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Legal Test Case On Foetal Alcohol Syndrome

Recent publicity about a claim on behalf of a child affected by foetal alcohol syndrome is causing unnecessary public alarm. There appears to be an outcry at the prospect of "criminalising” women, prompting at least two leading women's charities to suggest that it could set a legal precedent to prosecute women who drink while pregnant.

In reality the claim does no such thing. It is not an attack on women and it does not, as some have suggested, call into question a pregnant woman's "fundamental right to bodily autonomy”.

In the particular case in question the local authority claimed that a mother's reckless consumption of alcohol whilst she was pregnant had damaged a child whilst in the womb and, as a result, the child suffered foetal alcohol syndrome.

But this is not a criminal prosecution. It is a claim for compensation to the government funded Criminal Injuries Compensation Scheme and to succeed under the scheme it is necessary to prove that a "crime of violence” has been committed. The argument in this case is that the mother's actions amounted to the crime of poisoning.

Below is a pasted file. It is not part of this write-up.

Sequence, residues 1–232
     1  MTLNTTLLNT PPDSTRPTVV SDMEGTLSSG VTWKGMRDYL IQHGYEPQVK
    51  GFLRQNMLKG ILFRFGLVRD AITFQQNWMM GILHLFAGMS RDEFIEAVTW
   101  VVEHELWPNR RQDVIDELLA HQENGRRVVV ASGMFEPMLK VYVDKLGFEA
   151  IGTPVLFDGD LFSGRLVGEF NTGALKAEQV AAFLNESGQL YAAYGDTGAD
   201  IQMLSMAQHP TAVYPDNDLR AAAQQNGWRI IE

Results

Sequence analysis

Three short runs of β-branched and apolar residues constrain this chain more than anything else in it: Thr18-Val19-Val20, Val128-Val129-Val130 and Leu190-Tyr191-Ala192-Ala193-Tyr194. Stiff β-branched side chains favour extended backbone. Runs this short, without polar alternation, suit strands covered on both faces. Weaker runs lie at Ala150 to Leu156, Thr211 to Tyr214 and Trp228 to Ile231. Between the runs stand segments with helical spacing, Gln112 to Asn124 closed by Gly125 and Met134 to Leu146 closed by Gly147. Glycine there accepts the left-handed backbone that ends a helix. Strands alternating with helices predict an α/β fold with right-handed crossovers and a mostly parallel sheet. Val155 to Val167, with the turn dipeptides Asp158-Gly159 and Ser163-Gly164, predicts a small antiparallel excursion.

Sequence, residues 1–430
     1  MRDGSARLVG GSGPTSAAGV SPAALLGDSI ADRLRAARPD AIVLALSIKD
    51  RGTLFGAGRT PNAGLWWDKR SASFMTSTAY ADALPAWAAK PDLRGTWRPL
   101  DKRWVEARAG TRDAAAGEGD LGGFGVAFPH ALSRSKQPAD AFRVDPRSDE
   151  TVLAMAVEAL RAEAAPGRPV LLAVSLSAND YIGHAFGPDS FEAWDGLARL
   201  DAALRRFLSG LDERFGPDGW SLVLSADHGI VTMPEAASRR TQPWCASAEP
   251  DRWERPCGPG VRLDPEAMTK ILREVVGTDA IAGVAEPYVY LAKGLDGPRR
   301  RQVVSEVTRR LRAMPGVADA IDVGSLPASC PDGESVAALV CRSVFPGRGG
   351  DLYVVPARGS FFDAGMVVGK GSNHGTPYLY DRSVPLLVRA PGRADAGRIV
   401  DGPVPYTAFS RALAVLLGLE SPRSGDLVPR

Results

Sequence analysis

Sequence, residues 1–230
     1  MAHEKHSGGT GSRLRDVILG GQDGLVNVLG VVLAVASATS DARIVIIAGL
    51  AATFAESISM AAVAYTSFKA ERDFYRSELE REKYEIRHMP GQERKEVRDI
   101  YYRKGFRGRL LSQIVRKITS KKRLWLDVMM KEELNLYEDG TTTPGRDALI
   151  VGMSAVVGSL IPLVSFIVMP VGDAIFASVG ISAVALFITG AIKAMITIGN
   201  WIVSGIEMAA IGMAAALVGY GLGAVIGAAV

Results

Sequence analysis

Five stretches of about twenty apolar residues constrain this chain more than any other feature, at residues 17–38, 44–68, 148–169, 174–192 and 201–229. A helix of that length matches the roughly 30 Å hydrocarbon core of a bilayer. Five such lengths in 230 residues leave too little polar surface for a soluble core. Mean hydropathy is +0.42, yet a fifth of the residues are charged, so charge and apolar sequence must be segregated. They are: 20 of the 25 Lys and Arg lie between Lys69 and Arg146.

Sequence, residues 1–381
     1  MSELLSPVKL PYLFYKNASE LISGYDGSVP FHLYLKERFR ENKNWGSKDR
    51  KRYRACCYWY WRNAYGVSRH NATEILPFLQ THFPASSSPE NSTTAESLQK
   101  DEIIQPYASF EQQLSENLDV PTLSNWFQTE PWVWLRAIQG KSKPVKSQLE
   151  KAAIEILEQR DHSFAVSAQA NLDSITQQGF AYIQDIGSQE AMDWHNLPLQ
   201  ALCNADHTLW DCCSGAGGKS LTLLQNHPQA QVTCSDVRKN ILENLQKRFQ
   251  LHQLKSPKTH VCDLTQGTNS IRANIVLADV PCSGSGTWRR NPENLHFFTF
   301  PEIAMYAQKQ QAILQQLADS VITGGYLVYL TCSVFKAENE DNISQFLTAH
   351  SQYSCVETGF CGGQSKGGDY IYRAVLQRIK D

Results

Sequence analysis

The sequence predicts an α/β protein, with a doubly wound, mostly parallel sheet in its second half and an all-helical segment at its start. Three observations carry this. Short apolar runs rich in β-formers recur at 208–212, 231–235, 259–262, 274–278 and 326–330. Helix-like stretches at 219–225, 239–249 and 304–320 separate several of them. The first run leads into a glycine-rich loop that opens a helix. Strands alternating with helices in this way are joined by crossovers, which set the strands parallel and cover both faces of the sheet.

The important points to bear in mind here are that the mother has not been prosecuted and that it isn't necessary for a prosecution to have taken place in order to obtain compensation under the Scheme. Whether or not the mother's consumption of alcohol constitutes a "crime of violence” for the purposes of compensation does not mean that it would be considered a crime for which the mother could be prosecuted. Indeed the UK has never to date sought to make mothers criminally responsible for behaviour that may endanger their foetus.

This case, whatever the outcome, is very unlikely to change that position. It will not criminalise women, it will not set a legal precedent to prosecute women who drink while pregnant and it will not lead to prosecutions against women.

What this case is really about is the innocent victim. It is about ensuring that if an innocent victim (the child) has been damaged as a result of a mother's reckless consumption of alcohol then he or she should be entitled to compensation which will help to improve his or her life. It may also serve as a prompt to government to issue clear and definitive medical advice about the dangers of drinking during pregnancy.